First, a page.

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Tips for leading from anywhere

Tips for leading from anywhere

15 April 2021

Managing a distributed workforce requires an armoury of skills from effective communication and team engagement, to fostering productivity and performance. 

Leading a remote team can be a tough gig for any manager, but leading one through a global pandemic? Now that’s another challenge. And with a study by Pew Research Center in December 2020 showing that 54 per cent of employees will still want to work from home post-pandemic, it’s a situation that’s not likely to change soon.

The good news is that many companies reported a rise in productivity during the third quarter of 2020 – perhaps demonstrating that, with the right remote leadership, employees can blossom during tough times. With this in mind, we’ve collated some expert tips below for leading your team from anywhere.

Create time for creativity
As a leader, it’s important to allow your team time to brainstorm ideas. In a recent Forbes article, Prithwiraj Choudhury, a Lumry Family Associate Professor at Harvard Business School, suggests that managers pose questions or topics in work channels such as Slack, where teams can germinate ideas and share in their own time “without the pressure to present polished work”. It’s proven that scheduling in brainstorming sessions between colleagues, and having a place to collect these ideas can allow concepts to develop.

Sync your tech
“Leaders need to set clear rules so that all employees are using exactly the same technology channels,” says Alex Hirst, co-founder of The Hoxby Collective, in an article in the Daily Telegraph. “We set rules around our use of technology. For example, we never email each other and we always use G-Meet for video calls. That way, everyone knows where they stand and there is a foundation created for effective communication,” he adds.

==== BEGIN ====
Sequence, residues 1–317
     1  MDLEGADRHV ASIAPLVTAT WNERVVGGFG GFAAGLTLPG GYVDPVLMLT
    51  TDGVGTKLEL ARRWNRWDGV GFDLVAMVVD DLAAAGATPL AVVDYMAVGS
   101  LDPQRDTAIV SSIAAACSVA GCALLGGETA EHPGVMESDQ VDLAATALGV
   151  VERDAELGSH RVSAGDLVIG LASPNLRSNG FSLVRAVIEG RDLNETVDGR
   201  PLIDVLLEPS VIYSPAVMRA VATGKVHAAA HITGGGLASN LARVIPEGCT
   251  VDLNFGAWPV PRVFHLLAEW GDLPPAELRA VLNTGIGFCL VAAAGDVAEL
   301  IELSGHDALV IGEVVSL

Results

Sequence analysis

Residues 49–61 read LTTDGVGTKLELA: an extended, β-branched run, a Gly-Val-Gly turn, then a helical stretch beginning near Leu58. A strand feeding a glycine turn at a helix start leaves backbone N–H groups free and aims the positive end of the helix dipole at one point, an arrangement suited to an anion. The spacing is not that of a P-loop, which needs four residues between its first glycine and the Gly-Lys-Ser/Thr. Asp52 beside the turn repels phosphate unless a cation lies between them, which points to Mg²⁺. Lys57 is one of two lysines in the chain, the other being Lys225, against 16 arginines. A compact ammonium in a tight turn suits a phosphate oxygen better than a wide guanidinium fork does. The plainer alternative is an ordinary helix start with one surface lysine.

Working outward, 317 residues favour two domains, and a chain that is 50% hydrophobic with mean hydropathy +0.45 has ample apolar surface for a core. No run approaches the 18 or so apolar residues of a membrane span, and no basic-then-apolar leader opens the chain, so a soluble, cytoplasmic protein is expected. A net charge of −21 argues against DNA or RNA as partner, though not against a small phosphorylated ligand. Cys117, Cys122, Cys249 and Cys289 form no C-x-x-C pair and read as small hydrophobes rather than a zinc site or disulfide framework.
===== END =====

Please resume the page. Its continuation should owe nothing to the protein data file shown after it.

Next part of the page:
Be transparent with decisions
Logging team decisions in a shared document can save time and avoid confusion. “Writing down which decisions were made, and when, helps not only remote workers but also those in other timezones to understand why and what the plan is, asynchronously,’ says Forbes Council member, Danielle Royston. Royston suggests also including the alternatives that were considered and why they were not selected. “When you can articulate how a decision was made, it helps everyone to align and focus on the task at hand,” she says.

Trust your team
Some companies encourage a culture of micro-management with leaders constantly checking in on their teams – but this does nothing for staff morale. Instead, trust your team and focus on the outcome rather than time at the desk. “Employees perform better when managers help them handle their workloads and prioritise their efforts rather than micro-managing them,” says Chris Kruse, technical services manager at GFI Digital in the Kansas City Business Journal. “Plus, recognising someone for their performance gives them a virtual stand-in for office interactions.”

Go public with your appreciation
When it comes to appreciating your team, it’s time to go big or go home. Aliza Knox, former tech exec for Google, Twitter and Cloudfare, and Woman of the Year in IT Asia 2020, suggests using public acknowledgement in an article for Forbes magazine. “Don’t just let your employees know how much you appreciate their efforts. Let everyone in the company know, too, particularly their higher-ups.”

A key motivator adopted by successful business leaders is the ability to recognise all efforts by their team, whether with a shout-out at meetings or an acknowledgement in a group email or chat.

What are your experiences of leading a dispersed team? Let us know at


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